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Conference addresses job opportunity, income inequality


The chance of a college student finding a job after graduation correlates to the health of the economy – an economy that can be improved by informed students, panelists at a conference on world affairs held at USF St. Pete said. 

The second annual St. Petersburg Conference on World Affairs, held this weekend, featured more than a dozen panels on various international and national topics, including the U.S. and world economy.

Douglas McElhaney, adviser to the USF St. Pete honors program and former U.S. diplomat to Bosnia, said he brought the event to USF St. Pete to involve the Tampa area with world affairs.

“People need to have a foundation for the things that they read,” he said. “People who have worked inside, such as diplomats or military, bring a certain view, and I think the academics complement that view.”

The panelists discussed income inequality and job opportunity for upcoming generations of job seekers, two issues that were central to President Barack Obama’s State of the Union address last month. 

George Hamilton, chairman of the National Payment Corporation who was present at the conference, said there are a number of available jobs, but a shortage of individuals trained with the necessary skills. 

“We as a society are not doing a decent job preparing our children for the jobs of today, let alone tomorrow,” he said. “We need to be looking at what we’re doing in colleges to assure kids are on a reasonable path.”

Graduating from college without secure job prospects is a reality for many students, Hamilton said.

“It will eventually turn around, but only if our country spends a lot of time thinking how we can get people the right skills,” he said. “Without the right skills, those jobs are going to move.” 

Hands-on training in the latest technologies is the best way for students to be in demand after graduating college, said Todd Shank, an associate professor of finance at USF St. Pete.

Hamilton said only education is affective in assuring long-term job security, especially when so many American jobs are continually outsourced.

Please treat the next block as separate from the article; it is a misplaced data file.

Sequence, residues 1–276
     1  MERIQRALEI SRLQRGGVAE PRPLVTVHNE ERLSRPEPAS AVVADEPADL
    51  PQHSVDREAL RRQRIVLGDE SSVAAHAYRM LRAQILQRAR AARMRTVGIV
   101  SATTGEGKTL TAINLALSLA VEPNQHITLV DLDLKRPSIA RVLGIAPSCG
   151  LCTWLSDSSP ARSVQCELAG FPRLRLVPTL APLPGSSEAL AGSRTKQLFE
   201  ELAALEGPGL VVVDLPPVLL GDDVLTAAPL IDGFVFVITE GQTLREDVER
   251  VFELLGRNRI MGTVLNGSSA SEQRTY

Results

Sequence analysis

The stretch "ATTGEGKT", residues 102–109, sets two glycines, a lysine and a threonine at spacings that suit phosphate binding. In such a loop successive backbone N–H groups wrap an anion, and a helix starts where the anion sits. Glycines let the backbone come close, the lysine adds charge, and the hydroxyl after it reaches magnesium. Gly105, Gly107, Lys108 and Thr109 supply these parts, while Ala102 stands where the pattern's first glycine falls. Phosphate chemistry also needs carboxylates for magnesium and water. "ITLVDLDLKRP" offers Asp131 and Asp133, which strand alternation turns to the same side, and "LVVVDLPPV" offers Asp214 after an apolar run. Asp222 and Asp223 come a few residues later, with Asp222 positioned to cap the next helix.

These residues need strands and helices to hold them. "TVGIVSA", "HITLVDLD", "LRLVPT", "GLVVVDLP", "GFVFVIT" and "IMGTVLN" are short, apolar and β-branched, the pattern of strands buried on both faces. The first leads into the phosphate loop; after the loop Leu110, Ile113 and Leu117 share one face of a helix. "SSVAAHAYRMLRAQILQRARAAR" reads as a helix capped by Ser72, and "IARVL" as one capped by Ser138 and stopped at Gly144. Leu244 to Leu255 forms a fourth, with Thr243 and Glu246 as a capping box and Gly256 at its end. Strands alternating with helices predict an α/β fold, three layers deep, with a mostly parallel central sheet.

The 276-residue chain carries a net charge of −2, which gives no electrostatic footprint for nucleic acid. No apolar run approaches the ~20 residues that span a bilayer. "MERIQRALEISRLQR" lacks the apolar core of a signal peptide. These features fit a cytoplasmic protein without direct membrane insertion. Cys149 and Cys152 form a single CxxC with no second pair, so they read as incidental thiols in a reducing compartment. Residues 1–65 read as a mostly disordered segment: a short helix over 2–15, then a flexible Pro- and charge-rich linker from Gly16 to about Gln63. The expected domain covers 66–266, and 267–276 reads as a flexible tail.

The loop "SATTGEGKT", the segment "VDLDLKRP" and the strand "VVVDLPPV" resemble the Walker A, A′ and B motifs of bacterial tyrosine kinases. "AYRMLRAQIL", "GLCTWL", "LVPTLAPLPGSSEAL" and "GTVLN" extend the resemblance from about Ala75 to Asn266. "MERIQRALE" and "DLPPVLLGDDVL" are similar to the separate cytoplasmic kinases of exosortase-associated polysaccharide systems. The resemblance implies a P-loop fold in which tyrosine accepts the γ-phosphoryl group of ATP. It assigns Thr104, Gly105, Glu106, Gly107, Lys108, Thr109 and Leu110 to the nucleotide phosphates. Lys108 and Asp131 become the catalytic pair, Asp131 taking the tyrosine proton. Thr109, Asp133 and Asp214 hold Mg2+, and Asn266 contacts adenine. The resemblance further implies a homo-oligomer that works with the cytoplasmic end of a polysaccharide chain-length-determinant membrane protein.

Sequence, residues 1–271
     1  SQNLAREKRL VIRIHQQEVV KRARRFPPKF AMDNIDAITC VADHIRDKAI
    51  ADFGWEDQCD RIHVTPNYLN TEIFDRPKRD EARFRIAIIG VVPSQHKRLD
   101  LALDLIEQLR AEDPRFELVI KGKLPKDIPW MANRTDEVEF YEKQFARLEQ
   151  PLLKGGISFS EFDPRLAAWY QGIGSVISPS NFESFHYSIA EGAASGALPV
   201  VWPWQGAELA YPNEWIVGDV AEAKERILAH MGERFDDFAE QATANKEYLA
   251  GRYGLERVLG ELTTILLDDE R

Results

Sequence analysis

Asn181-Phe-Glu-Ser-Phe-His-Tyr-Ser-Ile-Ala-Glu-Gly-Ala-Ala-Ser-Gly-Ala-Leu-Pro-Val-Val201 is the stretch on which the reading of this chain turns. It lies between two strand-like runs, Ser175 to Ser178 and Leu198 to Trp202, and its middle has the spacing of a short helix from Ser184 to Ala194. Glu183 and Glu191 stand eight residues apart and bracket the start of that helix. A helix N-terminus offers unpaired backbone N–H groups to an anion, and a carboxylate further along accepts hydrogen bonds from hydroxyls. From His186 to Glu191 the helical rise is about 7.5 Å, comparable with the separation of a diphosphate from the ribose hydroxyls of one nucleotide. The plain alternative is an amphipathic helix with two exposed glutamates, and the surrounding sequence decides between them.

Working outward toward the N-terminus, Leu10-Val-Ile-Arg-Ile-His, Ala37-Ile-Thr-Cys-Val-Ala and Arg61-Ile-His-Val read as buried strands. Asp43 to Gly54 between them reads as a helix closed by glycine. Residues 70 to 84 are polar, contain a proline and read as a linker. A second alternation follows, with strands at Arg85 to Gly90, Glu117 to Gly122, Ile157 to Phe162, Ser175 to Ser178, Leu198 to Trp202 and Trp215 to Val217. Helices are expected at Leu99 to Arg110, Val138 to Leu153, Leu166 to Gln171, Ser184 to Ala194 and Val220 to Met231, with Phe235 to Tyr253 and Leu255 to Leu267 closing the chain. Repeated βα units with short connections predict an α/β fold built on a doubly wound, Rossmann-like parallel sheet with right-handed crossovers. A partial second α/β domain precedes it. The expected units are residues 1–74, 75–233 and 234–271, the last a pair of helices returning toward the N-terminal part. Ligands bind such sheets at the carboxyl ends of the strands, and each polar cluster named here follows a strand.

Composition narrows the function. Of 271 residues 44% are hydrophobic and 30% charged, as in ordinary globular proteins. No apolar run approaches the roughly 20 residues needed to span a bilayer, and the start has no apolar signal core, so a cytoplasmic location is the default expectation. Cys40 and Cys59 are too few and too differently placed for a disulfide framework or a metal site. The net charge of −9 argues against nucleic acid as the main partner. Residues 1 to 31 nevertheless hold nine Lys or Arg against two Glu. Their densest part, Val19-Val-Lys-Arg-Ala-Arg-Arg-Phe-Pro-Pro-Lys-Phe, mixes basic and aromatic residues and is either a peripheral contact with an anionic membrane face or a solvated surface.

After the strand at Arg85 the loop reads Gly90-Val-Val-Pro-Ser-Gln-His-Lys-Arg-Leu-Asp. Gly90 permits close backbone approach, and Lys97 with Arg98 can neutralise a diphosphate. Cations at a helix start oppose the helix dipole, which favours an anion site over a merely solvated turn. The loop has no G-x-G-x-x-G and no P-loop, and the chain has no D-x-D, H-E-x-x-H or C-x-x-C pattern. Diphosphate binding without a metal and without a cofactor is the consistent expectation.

Shank said outsourcing is partially the fault of American consumers. 

“We have become addicted to the low prices,” he said. “The low prices have been enjoyed because of outsourcing and having the production done in other places.”    

The disproportionate U.S. income inequality and shrinking middle class is partly due to this reduced demand for basic and intermediate skills, he said. 

Kevin McGuire, the former director of senior assignments in the Bureau of Human Resources, said economic data evidences U.S. income inequality as “egregious”.

“This is not what this country was about when I was young,” he said. “This problem will determine the future of this country.”

Robert Duetsch, a senior advisor to the State Department on Iraq and Afghanistan who attended the conference, said U.S. income inequality is not a new development, but the gap has been steadily widening over the last 30 years. 

“I never know if it’s because I’m older, or if America has changed, but I actually believed if you worked hard, then you could do anything,” he said. “I’m not convinced today even if a kid is smart, he’ll really have all those same opportunities if he doesn’t rub shoulders with the elite.”

McGuire said a mentality of entitlement among the wealthy might oppress social mobility, referencing venture capitalist Tom Perkins’ proposal to give more votes to those who pay more taxes. 

“Conservatives think the poor are undeserving and are the ones who feel falsely entitled,” he said.

Hamilton said income inequality is a good political issue to rally voters to the polls. 

“There is absolutely nothing like class warfare to have fun,” he said. “But I’m not sure if, economically, it’s as clear of a line.

Resentment of the rich may be satisfying, he said, but only adjusting to changing demands in the job market will solve the problem of social mobility.

The U.S. must be active in promoting job opportunity, he said. An economic recovery will not inherently reduce inequality. 

The world and U.S. economy is in recovery, Shank said, but it is the wealthy who disproportionally benefit from a higher Gross Domestic Product (GDP), an annual monetary measurement of productivity that is often used to measure a country’s standard of living.  

Spreadsheets cannot measure happiness and compassion, he said. One should look outside the office to judge a society’s true value. 

“GDP is somewhat misleading,” he said. “It measures the volume of stuff, but not necessarily our quality of life. Perhaps we should be focusing on measures other than economic growth to determine if we are successful.”